Dietary linoleic acid and risk of coronary heart disease

SONY DSCSwapping saturated fat and carbohydrates for linoleic acid – the main polyunsaturated fat found in vegetable oil, nuts, and seeds – lowers risk of coronary heart disease, according to a new study by Harvard School of Public Health researchers.

We talked to lead author Maryam Farvid, a visiting scientist and Takemi fellow in the Department of Nutrition, about the study to find out more.

1. Your research shows that by reducing the amount of saturated fat and carbohydrates we eat, and replacing those calories with foods rich in linoleic acid – such as vegetable oil, nuts, and seeds – we can reduce our risk of developing coronary heart disease. What’s so special about linoleic acid? And should consumers focus on reducing saturated fat and carbohydrates equally, or should we reduce one more than the other?

 Replacing either saturated fat or carbohydrate with vegetable oils and seeing significant benefits indicates that reduction in saturated fat or carbohydrate is not the only reason for the beneficial effects of linoleic acid. Instead, linoleic acid itself plays a special role in support of heart health. Randomized clinical trials have shown that replacing saturated fat with linoleic acid reduces total and LDL cholesterol. There is also some evidence that linoleic acid improves insulin sensitivity and blood pressure.

2. Lately there’s been a lot of talk about healthy and unhealthy fats, with saturated fat being debated in the media. What can readers learn from your research about polyunsaturated versus saturated fats?

Our data provide strong support that substituting vegetable oils rich in polyunsaturated fat for saturated fat is beneficial for the prevention of coronary heart disease. The current debate about the role saturated fat misses an important point: the replacement nutrient. If saturated fat is replaced by carbohydrates (typically refined carbohydrates), there will be no benefit on heart disease. This is why many epidemiologic studies have failed to observe a significant association between saturated fat and risk of CHD as carbohydrates were typically used as a comparator. However, if saturated fat is replaced by polyunsaturated fat, then there is a clear benefit for heart disease prevention.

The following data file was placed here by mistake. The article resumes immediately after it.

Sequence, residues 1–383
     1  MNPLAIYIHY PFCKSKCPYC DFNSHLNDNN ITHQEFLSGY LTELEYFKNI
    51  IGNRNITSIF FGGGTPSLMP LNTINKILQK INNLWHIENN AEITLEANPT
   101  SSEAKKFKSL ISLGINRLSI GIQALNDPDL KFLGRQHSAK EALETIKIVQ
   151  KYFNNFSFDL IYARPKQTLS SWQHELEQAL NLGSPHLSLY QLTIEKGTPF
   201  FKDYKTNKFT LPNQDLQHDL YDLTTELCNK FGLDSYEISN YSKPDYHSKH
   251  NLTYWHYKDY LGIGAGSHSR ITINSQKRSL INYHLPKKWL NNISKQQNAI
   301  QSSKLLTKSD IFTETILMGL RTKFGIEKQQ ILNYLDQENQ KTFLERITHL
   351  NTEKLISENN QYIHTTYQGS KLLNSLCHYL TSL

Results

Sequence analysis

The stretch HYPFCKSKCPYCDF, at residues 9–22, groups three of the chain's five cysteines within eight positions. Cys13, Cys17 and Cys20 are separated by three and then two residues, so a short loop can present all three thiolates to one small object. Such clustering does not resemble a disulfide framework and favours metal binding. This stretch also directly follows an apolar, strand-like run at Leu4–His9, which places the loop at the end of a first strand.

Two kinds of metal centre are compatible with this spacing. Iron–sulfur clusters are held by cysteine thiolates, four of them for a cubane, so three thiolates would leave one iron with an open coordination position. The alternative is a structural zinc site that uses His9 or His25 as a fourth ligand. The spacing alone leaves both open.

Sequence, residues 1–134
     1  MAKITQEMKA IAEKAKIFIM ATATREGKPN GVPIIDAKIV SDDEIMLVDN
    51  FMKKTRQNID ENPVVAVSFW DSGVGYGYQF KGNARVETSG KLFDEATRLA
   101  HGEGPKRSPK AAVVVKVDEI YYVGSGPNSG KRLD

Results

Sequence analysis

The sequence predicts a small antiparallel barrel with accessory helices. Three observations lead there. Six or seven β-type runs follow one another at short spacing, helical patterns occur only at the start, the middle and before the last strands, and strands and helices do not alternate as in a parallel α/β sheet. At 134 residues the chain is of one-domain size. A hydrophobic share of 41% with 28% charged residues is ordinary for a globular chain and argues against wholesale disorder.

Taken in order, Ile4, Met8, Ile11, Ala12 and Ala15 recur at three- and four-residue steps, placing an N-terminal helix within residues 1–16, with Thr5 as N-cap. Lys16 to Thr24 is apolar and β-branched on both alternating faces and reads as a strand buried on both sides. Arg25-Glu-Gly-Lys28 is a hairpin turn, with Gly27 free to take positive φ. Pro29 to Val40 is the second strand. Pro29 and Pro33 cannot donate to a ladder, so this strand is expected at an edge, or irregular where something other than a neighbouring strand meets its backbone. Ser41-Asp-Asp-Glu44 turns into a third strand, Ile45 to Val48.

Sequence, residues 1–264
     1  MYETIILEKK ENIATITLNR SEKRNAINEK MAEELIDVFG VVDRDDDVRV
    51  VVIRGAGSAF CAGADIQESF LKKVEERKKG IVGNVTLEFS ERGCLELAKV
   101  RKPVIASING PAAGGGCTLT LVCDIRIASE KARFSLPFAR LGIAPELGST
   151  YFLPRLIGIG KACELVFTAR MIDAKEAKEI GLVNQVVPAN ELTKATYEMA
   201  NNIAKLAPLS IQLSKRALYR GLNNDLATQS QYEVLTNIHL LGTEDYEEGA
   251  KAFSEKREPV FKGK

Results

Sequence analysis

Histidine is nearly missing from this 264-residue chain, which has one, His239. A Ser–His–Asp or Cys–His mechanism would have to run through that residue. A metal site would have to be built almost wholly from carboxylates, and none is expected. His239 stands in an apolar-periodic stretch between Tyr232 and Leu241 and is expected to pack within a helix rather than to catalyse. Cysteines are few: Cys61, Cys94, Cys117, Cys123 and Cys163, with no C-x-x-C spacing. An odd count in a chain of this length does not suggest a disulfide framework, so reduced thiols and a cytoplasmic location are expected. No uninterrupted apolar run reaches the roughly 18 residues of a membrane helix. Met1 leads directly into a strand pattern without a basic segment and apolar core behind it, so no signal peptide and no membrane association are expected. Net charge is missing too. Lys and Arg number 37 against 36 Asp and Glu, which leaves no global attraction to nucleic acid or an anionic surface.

3. Is there a certain amount of linoleic acid consumers should aim to eat each day? What are the best sources?

Consistent with the American Heart Association guidelines, our data continue to support consumption of 5-10% energy intake from linoleic acid* to decrease CHD risk. Linoleic acid is the predominant n-6 polyunsaturated fatty acid (PUFA) in the Western diet and we can obtain it from vegetable oils such as sunflower, safflower, soybean, corn, and canola oils as well as nuts and seeds. A table spoon of soybean or corn oil contains about 7-8 g of linoleic acid, and 7 shelled walnuts provide about 11 g of linoleic acid. It should be noted that important sources of linoleic acid such as soybean and canola oils and walnuts also contain substantial amounts of alpha-linolenic acid, a plant-based omega-3 fatty acid.

*For example, for a 2,000 calorie diet that would equal 100-200 calories from linoleic acid.

4. Your study also addresses claims that linoleic acid is pro-inflammatory. Can you explain what you found when you researched this?

Concerns have been raised about higher linoleic acid consumption being harmful for heart health because of potential pro-inflammatory and thrombogenic properties. Linoleic acid can be elongated to arachidonic acid and subsequently synthesized to a variety of pro-inflammatory eicosanoids, which may increase CHD risk. But this speculation is not supported by randomized controlled feeding studies, in which dietary intake of linoleic acid was not found to increase plasma levels of arachidonic acid or inflammatory markers. On the contrary, some studies have found anti-inflammatory effects of diets higher in linoleic acid compared to those higher in saturated fat.

5. Based on this new study, what are some simple steps consumers can take to improve their diet?

Instead of using butter, cream, lard, and other animal fat as the primary source of culinary fat, one should use liquid vegetable oils like soybean, corn, olive, and canola oils for cooking, on salad and at the table. Although olive oil contains little linoleic acid, many studies have shown health benefits of Mediterranean diets rich in olive oil. Nuts and seeds are also excellent sources of healthy fats.


1. Farvid MS, Ding M, Pan A, Sun Q, Chiuve SE, Steffen LM, Willett WC, Hu FB. Dietary Linoleic Acid and Risk of Coronary Heart Disease: A Systematic Review and Meta-Analysis of Prospective Cohort Studies. Circulation. 2014